McDurmon then reiterated this argument in a book published shortly after our debate.* In that book, he expressed himself even more graphically: “Jesus is clear and categorical: any discussion of marriage after the resurrection is superfluous because those who attain to the resurrection of the dead neither marry nor give in marriage. This presents a colossal; problem for the full preterist who wishes to retain much of an audience besides either monks or whoremongers. If the resurrection happened in AD 70 (or anytime in the past really), then it is inescapable that we should no longer marry or give in marriage. But the absurdity of this position keeps those who wish to appear evangelical from admitting it” (212, 57).”*

* Joel McDurmon, We Shall All Be Changed, A critique of full Preterism and a defense of a future bodily resurrection of the saints, (Powder Springs, GA; American Vision Press, 2012), 55f. McDurmon promotes this book far more than he does the book of our debate. In fact, when one searches for our debate book on the American Vision site, it is difficult to find, and is always “bundled” with McDurmon’s later production. As an illustration of how little McDurmon promotes the actual debate book, American Vision has ordered only five– yes, five– copies of the book from me for resale, in the five years since our debate!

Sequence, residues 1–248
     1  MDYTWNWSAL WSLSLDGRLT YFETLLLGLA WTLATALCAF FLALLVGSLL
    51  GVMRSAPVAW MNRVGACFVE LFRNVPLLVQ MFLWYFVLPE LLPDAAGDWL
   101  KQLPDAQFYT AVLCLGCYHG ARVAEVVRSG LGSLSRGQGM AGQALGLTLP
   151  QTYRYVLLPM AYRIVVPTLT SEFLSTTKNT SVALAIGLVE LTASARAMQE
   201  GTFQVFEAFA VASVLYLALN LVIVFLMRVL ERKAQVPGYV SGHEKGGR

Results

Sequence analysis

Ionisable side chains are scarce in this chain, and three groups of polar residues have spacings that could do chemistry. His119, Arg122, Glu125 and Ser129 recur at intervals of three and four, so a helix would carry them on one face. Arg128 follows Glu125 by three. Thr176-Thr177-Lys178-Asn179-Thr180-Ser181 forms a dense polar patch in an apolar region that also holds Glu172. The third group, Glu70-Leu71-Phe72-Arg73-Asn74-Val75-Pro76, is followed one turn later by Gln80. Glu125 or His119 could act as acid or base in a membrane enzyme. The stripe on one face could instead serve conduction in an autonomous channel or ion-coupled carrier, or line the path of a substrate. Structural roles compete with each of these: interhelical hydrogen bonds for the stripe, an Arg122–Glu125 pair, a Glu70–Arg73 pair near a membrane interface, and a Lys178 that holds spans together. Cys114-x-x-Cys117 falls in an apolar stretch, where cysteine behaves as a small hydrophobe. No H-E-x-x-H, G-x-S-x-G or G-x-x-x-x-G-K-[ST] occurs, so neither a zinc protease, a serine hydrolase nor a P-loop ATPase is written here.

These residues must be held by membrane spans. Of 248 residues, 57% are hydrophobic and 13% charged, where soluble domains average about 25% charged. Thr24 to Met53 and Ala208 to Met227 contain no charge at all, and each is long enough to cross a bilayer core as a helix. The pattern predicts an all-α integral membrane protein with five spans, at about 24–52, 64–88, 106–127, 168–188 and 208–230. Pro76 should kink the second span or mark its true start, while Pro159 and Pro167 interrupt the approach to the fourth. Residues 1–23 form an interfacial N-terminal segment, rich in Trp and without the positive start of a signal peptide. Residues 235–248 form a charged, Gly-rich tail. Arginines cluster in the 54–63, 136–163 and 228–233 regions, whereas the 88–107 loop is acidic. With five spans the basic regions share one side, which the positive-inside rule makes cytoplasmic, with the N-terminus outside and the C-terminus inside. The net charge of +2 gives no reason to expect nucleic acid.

However, in spite of his castigation of preterists in regard to the New Creation and marrying and giving in marriage in the article just cited, McDurmon is very clear and emphatic that in the consummative New Creation, i.e. in the final manifestation of the New Heaven and Earth, there will be marrying. There will be child bearing! That is right! Per Joel McDurmon, in the ultimate New Creation there will be conjugal relations, marrying and child bearing! Yet, he castigated, criticized and condemned preterists for teaching that we are now in the New Creation promised by believers in Covenant Eschatology! Read his comments on Isaiah 65 carefully: